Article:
Argentina bets on European biodiesel market after U.S. imposes duties

BUENOS AIRES (Reuters) - Argentina is betting on the reopening of the European market to maintain demand for its biodiesel exports after the United States imposed steep duties on imports, the leader of an industry group said on Wednesday.

FILE PHOTO: Samples of biodiesel are seen at a laboratory of Patagonia Bioenergia biodiesel plant in San Lorenzo February 26, 2010. REUTERS/Enrique Marcarian/File Photo

A day earlier Argentine producers said they would halt exports to the United States as a result of the U.S. Commerce Department’s decision to slap countervailing duties of up to 64.17 percent on the imports from the South American country.

The World Trade Organization last year ruled in favor of Argentina in a dispute over anti-dumping tariffs the European Union had applied to Argentine biodiesel, but the European Commission has not yet removed the tariffs.

Luis Zubizarreta, president of Argentina’s Carbio biodiesel industry group which includes companies like Bunge and Cargill, told Reuters a decision should be imminent.

“We are confident that in a few weeks we will have this market open. It could compensate,” he said in an interview.

The European Union was once Argentina’s biggest biodiesel market but that shifted to the United States after the EU set duties in November 2013 of between 22 percent and 25.7 percent for Argentina producers.

In 2016, 90 percent of the 1.6 million tonnes of biodiesel Argentina exported went to the United States, Argentine government data shows.

The U.S. imposition of even harsher tariffs surprised Argentina’s producers, Carbio said in a Tuesday statement, after U.S. Vice President Mike Pence pledged to boost two-way trade in a visit to Buenos Aires last week.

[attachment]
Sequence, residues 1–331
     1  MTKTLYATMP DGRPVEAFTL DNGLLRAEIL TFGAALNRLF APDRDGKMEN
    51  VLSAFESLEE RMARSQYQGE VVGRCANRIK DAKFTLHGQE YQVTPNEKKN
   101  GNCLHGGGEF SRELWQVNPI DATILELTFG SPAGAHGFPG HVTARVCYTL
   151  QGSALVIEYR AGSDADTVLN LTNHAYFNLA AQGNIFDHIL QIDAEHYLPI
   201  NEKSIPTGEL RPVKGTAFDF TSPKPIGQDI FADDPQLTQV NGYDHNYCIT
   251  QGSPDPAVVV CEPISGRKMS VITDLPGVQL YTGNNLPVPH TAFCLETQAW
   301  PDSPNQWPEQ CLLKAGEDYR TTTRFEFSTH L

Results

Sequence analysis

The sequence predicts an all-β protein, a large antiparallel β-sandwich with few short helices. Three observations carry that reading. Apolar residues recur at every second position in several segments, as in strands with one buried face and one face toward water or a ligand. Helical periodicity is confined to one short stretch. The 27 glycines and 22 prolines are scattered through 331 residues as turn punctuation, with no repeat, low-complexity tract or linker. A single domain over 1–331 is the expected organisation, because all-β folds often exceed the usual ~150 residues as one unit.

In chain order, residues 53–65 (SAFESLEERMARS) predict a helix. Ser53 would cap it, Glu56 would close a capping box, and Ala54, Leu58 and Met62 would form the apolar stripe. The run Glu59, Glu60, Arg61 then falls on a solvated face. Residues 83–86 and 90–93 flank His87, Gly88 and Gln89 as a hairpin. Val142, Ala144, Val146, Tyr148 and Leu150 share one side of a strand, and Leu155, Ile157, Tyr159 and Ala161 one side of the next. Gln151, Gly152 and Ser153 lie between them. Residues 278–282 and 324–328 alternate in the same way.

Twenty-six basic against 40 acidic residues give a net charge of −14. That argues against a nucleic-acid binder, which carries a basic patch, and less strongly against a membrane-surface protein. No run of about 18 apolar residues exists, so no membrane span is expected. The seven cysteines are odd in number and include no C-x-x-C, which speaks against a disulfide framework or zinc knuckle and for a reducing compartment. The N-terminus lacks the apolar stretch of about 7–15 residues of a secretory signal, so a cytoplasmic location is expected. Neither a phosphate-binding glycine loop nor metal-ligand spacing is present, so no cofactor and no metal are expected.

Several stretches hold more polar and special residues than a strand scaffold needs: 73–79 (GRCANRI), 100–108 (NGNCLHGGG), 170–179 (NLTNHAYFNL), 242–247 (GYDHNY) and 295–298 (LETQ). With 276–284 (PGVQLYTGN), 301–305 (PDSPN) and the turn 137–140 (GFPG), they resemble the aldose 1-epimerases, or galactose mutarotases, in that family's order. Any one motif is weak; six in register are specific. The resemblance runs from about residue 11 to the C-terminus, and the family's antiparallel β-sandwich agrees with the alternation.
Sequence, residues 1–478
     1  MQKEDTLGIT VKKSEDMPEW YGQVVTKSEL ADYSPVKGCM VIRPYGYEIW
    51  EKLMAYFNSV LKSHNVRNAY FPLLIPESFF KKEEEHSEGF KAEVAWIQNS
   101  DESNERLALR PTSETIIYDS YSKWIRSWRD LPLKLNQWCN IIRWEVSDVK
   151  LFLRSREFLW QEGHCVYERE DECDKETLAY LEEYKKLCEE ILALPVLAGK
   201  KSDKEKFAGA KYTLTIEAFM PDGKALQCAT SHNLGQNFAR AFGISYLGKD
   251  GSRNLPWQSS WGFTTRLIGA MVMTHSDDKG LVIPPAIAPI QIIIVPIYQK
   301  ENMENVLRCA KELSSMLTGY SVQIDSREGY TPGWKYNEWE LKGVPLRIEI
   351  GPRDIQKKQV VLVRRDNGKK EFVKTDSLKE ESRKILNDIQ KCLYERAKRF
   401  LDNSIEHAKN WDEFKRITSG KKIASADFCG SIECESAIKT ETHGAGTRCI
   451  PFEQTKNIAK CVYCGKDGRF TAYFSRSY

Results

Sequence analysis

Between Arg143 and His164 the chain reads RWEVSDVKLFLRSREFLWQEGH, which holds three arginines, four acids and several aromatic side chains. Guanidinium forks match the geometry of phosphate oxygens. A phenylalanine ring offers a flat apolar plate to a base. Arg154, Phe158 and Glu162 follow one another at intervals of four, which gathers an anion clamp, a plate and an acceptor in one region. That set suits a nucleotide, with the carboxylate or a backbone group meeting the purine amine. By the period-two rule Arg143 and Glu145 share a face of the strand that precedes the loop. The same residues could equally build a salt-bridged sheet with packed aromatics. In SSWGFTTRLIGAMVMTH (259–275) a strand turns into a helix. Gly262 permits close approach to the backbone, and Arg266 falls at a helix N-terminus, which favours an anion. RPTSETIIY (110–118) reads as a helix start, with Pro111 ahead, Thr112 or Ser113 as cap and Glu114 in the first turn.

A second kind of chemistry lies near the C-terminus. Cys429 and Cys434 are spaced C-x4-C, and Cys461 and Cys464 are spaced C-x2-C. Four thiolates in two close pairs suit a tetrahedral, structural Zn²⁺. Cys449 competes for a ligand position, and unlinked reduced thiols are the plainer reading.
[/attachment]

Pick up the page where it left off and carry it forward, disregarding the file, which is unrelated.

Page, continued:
Another industry group, the Argentine Chamber of Oil Industry (Ciara), said that the recovery of the European market would prevent oversupply and falling prices of soybean oil - the input used to produce biodiesel in Argentina.

Argentina is the world’s top soy oil exporter.

Zubizarreta, of Carbio, said he hoped the U.S. Department of Commerce would reverse its preliminary decision on the tariffs, insisting Argentina does not subsidize biodiesel exports.

Carbio referenced the “established precedent” of the WTO as evidence Argentina was not dumping biodiesel in a Tuesday statement.

Peru, the second-largest export market for Argentine biodiesel, also placed anti-dumping tariffs on biodiesel imports last October.

A source from the Argentine Foreign Ministry said the Argentine government also held out hope of reversing the tariff measure and would cooperate in the final phase of the investigation carried out by the U.S. government.

Writing by Luc Cohen and Caroline Stauffer